Achieving consensus on both quality standards and reporting guidelines may be more difficult for realist evaluation than it was for realist review, since the former covers a huge variety of settings, topics, approaches and configurations.1 Hence it is possible that, unlike in RAMESES I, consensus among Delphi panel members may not be achieved for all items. This is not inherently a problem: in a previous Delphi study to develop standards for undertaking and reporting narrative research, we simply reported, and commented on, the areas of residual disagreement between panel members, which were explained by their different disciplinary and/or sectoral backgrounds.27

Workstream 3 (Objectives 7–10)

Objective 7: Collate examples of learning/training needs for researchers, postgraduate students, reviewers and lay members in relation to realist evaluation.

We will seek examples of the kinds of requests that are made by researchers for support on realist evaluation. We already have a rich archive of postings on the RAMESES JISCmail listserv from both novice and highly experienced researchers, going back 3 years. We will also proactively ask the list members for additional examples; use our empirical data from workstream 2 on the real-world struggles of realist researchers (see Objective 5 above); and draw on our literature review (Objective 3) and Delphi panel discussions (Objective 4), to identify relevant examples. Finally, we will seek input from UK Research Design Service (RDS) staff, particularly with those who respond to an invitation sent out by the RDS Steering Group on our behalf. We will ask such RDS staff (some of whom are already members of the RAMESES list) to describe the kind of problems people bring to them, and where they feel that further guidance, support and resources are needed.

We will use a thematic approach to classify examples into a coherent taxonomy of problems and issues, each with a corresponding training need(s). This will be developed iteratively in regular meetings of the research team. At least two researchers will independently classify examples within this taxonomy and through subsequent discussion with the wider team, both the taxonomy and the classification of examples within it will be refined. The goal of this step will be to feed into a coherent and comprehensive curriculum for training realist researchers and for ‘training the trainers’.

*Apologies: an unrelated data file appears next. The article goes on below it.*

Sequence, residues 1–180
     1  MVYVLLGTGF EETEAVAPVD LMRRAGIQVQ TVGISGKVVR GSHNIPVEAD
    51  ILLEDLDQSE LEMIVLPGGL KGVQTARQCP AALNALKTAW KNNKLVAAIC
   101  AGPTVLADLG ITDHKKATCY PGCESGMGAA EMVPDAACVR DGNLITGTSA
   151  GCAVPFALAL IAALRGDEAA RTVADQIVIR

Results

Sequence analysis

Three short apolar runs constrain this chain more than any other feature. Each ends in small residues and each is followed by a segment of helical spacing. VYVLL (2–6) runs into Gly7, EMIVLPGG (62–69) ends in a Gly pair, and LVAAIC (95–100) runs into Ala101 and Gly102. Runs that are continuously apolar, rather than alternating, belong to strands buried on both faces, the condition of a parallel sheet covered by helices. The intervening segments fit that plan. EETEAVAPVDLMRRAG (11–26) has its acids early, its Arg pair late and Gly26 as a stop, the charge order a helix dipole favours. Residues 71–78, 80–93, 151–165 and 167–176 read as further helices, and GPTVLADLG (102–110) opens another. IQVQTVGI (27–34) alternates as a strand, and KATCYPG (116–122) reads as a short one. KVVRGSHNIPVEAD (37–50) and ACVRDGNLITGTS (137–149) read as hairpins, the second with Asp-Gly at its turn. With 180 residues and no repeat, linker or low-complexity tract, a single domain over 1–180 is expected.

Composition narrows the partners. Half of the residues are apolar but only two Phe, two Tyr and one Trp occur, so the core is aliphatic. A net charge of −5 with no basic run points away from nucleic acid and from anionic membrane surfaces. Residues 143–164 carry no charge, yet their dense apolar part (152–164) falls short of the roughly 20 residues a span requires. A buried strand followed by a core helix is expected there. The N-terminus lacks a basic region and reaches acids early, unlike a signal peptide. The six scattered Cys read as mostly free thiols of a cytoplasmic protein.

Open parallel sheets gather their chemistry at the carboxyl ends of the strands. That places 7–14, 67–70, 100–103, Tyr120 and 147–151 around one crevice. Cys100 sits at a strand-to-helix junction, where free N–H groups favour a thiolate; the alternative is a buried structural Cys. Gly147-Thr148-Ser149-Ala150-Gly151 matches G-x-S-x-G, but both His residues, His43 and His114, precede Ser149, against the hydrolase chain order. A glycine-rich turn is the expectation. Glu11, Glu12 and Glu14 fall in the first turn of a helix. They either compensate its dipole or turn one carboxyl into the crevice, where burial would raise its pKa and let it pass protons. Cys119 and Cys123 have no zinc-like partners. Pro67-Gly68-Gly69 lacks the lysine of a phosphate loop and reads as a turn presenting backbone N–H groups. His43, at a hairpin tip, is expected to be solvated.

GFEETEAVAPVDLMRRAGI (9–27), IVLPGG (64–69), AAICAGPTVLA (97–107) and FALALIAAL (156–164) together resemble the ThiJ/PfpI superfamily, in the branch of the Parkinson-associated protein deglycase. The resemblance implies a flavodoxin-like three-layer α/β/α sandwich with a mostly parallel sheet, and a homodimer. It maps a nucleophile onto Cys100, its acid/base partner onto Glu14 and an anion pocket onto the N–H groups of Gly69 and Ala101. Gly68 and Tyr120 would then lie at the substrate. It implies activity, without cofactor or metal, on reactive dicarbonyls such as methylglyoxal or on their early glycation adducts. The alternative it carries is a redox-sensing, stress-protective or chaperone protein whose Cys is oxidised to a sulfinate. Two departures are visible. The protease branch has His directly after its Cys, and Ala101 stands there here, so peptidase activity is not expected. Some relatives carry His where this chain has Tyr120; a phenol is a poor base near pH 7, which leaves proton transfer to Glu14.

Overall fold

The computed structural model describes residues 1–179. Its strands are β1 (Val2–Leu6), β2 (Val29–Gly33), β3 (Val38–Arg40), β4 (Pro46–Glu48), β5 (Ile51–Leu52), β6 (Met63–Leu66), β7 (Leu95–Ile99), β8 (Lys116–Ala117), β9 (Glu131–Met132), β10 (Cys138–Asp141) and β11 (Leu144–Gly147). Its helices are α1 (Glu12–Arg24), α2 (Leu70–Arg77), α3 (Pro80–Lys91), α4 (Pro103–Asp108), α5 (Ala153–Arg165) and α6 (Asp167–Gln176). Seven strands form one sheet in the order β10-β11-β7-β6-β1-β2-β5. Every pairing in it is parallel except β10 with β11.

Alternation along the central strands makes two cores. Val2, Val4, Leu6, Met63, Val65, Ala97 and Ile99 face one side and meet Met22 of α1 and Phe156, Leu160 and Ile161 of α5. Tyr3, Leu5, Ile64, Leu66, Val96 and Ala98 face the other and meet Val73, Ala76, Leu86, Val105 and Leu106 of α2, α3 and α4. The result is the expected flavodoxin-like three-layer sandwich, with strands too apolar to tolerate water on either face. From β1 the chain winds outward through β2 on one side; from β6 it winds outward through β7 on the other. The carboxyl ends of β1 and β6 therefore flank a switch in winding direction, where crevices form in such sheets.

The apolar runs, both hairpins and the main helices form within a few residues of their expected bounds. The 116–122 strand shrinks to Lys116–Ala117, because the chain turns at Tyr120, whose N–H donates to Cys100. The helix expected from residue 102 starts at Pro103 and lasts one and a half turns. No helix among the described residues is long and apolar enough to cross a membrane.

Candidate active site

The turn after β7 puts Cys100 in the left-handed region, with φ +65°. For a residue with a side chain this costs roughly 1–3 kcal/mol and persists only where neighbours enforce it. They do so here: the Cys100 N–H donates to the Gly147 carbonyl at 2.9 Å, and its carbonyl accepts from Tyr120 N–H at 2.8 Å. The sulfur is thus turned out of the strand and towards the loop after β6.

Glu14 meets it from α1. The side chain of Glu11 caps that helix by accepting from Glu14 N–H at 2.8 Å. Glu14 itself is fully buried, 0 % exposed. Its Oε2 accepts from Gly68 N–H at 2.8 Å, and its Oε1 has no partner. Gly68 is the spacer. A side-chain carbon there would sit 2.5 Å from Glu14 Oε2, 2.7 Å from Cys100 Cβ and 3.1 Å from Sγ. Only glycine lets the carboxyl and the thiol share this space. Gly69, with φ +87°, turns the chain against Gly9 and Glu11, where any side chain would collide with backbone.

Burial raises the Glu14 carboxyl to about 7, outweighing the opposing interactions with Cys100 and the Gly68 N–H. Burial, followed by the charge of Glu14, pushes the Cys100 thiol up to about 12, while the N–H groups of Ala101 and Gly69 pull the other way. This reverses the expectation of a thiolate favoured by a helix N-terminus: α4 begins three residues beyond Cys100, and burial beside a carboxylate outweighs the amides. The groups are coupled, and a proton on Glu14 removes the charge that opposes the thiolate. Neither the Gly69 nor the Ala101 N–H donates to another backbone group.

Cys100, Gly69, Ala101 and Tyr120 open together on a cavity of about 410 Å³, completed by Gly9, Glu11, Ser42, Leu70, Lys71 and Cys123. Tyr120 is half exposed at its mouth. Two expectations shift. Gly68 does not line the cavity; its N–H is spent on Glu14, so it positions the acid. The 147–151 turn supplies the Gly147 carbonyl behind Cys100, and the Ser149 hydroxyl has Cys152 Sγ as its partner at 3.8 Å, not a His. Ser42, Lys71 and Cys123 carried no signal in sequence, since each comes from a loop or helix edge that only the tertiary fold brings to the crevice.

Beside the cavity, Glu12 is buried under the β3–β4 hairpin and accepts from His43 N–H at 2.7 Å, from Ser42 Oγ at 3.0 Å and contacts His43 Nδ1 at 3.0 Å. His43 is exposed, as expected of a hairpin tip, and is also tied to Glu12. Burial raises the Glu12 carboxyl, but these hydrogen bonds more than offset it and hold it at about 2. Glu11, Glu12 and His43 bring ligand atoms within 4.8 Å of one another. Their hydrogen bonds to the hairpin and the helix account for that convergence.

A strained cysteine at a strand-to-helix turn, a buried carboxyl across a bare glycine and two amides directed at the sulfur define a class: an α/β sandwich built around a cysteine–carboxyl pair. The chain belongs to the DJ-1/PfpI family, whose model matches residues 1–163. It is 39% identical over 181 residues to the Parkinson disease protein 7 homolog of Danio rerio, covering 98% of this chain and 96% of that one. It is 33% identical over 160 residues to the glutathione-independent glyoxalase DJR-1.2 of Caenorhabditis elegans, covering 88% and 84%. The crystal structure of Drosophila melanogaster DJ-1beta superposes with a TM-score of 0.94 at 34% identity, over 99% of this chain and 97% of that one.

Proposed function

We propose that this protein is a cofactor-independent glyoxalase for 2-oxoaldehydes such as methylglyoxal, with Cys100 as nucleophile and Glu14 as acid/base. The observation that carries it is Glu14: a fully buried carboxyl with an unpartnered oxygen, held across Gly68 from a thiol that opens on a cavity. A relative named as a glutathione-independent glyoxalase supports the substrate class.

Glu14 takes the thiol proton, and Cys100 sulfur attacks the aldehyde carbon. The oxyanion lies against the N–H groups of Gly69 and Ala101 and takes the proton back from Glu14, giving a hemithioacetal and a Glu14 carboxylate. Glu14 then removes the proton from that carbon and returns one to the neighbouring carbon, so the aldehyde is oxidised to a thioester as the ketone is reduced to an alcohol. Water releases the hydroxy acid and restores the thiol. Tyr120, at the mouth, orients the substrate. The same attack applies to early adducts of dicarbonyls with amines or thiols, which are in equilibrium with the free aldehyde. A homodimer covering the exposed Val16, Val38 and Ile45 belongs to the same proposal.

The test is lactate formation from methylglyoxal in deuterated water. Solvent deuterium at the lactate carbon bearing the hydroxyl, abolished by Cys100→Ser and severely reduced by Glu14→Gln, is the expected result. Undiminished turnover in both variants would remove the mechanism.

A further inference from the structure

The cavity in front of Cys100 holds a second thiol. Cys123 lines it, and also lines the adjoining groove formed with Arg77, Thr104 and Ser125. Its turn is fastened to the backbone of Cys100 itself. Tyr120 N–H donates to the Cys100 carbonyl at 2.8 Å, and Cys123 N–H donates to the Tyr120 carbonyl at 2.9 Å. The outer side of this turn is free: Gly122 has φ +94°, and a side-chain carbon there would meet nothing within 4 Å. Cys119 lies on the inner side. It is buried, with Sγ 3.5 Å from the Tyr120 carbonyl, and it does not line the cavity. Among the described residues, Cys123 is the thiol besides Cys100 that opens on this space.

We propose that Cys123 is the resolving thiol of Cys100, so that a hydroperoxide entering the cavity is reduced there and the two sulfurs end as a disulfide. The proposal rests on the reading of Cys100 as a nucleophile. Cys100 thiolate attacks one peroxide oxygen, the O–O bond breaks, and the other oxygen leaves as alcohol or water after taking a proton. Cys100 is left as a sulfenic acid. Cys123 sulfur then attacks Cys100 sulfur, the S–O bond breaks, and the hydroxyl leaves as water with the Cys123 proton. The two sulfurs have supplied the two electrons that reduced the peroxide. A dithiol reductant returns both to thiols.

Objective 8: Develop, deliver and evaluate training materials for realist evaluation. Deliver 3×2-day ‘realist evaluation’ workshops AND 3×2-day ‘training the trainers’ workshops for a range of audiences (including interested NIHR Research Design Service staff)

To develop training materials, we will analyse and take forward various problems, issues and learning needs raised in the examples identified in Objective 7. Some will be philosophical or theoretical, some methodological, some practical, some ethical and so on. Different kinds of learning need require different materials and resources and delivered by different media (face-to-face, internet) and in different learning arrangements (self-study, online drill-and-practice, interactive group tasks and so on). Developing the resources will involve setting specific learning objectives, preparing study notes (eg, explanations, diagrams) and developing and piloting exercises to engage learners. For each main challenge, we will produce a menu of materials oriented to different audiences and learning styles. Several of the applicants on this bid are experienced trainers and consultants on realist evaluation; we will draw on, and refine, the existing training materials that we have developed and acquired over the years.